Tucked away on Melrose Place between the trendy Alfred Coffee and the Mediterranean bistro Fig & Olive, there’s a nondescript door. Behind it is AllBright, the latest exclusive social club to pop up in the city.
On a visit in mid-September, the women’s members club was a week away from its official opening date, with a flurry of crew members arranging the final touches on the three-story space. Six salon chairs and a neon sign that reads “Sisterhood Works” were already in place. There was talk of socialite and “The Hills” star Whitney Port, who would be coming by the club later for an event. Upstairs, an array of Jimmy Choo handbags and shoes sat on display for an all-day event where members could shop.
London-based AllBright is one of many private social clubs that are setting up shop in L.A., a city in which exclusivity is a frequently wielded power tool. Though clubs are not a new phenomenon — the revered California Club opened in the late 1880s to men only — there has been a resurgence as of late. Industry professionals attribute part of the popularity to the gig economy, which has seen an increasing number of freelancers and entrepreneurs yearning for a shared workspace and community.
In the past year, there have been at least five social clubs and working spaces that have opened shop in L.A, not including traditional co-working firms such as WeWork. Some, including The Wing and AllBright, are geared toward women, while others, such as the San Vicente Bungalows, cater to an A-list crowd mostly comprised of Tinseltown elites.
Even with the increasing number of clubs popping up, the demand for them increases. Jeff Klein, who owns the famed Sunset Tower Hotel, said there are more than 8,000 applications for his San Vicente Bungalows. And Soho House, one of the more well-established private member clubs with two locations in the city, recently added a third in the Arts District.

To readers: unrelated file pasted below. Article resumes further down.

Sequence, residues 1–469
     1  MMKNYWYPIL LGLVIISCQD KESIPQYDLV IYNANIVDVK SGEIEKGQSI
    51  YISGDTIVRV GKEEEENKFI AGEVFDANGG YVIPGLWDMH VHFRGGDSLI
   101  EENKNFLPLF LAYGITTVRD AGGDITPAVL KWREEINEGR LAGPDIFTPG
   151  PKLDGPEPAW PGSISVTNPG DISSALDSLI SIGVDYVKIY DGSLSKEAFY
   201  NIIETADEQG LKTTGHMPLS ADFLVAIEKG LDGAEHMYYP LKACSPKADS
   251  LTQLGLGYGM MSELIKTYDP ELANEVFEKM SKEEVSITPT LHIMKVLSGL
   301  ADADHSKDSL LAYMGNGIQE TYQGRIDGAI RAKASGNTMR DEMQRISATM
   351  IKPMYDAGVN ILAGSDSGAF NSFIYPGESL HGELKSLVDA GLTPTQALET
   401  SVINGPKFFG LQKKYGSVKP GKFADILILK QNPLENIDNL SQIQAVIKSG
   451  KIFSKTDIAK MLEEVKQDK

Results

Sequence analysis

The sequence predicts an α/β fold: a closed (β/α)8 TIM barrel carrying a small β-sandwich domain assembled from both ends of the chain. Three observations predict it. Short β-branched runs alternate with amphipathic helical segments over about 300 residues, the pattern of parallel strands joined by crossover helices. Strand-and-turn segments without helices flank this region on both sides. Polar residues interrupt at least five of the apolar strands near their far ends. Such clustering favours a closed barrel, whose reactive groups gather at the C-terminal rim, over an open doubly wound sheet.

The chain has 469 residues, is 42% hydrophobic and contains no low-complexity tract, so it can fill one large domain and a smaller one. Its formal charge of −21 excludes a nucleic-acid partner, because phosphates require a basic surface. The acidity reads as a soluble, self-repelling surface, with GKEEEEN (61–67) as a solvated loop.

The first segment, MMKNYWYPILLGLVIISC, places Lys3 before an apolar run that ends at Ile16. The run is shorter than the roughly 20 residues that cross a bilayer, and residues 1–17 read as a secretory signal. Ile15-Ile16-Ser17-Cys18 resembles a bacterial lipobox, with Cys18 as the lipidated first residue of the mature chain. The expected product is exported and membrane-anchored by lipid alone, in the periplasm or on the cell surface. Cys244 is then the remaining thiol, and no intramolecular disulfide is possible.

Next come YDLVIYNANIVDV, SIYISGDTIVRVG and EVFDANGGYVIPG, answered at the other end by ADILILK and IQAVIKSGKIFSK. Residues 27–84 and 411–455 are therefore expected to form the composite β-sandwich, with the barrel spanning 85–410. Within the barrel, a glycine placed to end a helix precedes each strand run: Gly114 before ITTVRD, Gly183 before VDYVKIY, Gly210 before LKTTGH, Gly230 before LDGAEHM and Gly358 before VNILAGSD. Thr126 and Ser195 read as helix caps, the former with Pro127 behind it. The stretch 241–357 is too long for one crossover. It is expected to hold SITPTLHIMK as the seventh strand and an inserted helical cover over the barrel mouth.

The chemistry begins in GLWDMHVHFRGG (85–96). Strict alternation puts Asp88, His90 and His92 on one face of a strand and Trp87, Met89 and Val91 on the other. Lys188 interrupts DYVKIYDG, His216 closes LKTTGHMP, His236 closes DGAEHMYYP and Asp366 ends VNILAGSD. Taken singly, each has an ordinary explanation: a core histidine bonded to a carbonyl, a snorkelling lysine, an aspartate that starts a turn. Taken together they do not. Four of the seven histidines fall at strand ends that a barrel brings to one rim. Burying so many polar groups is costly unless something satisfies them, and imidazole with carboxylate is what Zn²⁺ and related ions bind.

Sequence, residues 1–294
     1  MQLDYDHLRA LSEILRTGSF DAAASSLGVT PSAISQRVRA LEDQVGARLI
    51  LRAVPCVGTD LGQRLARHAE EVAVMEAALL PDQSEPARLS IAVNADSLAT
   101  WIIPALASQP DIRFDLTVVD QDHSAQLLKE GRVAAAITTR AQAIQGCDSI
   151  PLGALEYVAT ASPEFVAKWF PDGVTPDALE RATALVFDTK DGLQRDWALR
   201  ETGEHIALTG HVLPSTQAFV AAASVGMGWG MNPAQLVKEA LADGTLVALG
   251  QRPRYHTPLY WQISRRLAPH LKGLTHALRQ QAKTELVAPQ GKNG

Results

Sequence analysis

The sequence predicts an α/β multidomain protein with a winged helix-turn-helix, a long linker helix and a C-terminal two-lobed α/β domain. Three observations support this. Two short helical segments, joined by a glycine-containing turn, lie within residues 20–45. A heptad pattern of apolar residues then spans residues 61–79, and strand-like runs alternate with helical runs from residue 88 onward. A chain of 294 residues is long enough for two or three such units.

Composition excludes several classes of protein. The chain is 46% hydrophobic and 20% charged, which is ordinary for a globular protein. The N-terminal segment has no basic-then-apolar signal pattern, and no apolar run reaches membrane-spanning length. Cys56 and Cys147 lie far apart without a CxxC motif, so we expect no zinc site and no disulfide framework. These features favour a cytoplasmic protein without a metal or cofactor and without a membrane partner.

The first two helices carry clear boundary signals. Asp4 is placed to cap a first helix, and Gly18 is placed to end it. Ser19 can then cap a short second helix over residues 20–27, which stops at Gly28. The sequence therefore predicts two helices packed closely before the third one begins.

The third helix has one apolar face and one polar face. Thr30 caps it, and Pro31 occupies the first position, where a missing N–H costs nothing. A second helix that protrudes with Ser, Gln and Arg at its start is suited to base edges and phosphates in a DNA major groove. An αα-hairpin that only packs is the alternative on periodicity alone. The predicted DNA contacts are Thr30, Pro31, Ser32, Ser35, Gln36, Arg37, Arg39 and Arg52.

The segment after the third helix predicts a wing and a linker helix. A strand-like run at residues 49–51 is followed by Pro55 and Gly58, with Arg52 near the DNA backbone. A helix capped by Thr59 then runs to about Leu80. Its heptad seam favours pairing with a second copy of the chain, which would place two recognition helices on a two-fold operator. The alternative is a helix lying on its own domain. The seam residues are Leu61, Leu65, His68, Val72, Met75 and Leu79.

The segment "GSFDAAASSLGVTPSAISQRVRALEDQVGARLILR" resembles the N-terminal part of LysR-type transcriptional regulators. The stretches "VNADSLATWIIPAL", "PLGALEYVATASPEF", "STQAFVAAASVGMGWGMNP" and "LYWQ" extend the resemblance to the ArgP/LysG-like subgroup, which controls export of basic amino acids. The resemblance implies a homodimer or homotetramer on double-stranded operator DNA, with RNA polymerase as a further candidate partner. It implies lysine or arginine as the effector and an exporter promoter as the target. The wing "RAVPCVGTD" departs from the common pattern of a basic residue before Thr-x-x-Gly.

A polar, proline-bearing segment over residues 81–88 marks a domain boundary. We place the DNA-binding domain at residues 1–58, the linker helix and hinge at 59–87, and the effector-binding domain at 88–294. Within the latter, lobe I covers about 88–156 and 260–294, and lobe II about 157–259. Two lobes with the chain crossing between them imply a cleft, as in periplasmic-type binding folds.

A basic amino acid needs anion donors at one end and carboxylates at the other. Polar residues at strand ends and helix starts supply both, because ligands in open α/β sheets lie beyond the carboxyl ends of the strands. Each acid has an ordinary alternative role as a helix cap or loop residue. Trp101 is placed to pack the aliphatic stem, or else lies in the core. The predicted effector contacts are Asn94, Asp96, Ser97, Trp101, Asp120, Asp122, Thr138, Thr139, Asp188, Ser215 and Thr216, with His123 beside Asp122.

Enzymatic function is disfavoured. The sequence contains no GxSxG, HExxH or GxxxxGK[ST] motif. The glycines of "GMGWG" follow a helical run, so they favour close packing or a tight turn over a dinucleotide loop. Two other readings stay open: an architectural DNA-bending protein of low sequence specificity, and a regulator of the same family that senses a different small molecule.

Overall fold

The club scene has even lured individuals from other industries to get involved. Case in point: Top real estate broker Kurt Rappaport is currently working on opening his own members club, alongside other investors, on West Hollywood’s Sunset Strip.
To stay competitive, AllBright co-founder Anna Jones said it’s imperative to “have a distinct position, voice and community that’s galvanized around something.” To her and co-founder Debbie Wosskow, that meant focusing the design, programming and amenities of their new L.A. outpost around women and what they need. On a recent Thursday evening, that programming included a private screening of the new film “Hustlers,” which critics have praised for its message of female empowerment.
“We felt, on the back of the Time’s Up movement, that L.A. really needed a place for its amazing women to shine,” Wosskow said. AllBright, founded in 2017, has two locations in London and a current valuation of $123 million after earning a total of $25 million in fundraising.
Here’s a rundown of some of the private social clubs and co-working spots that have recently opened in L.A.: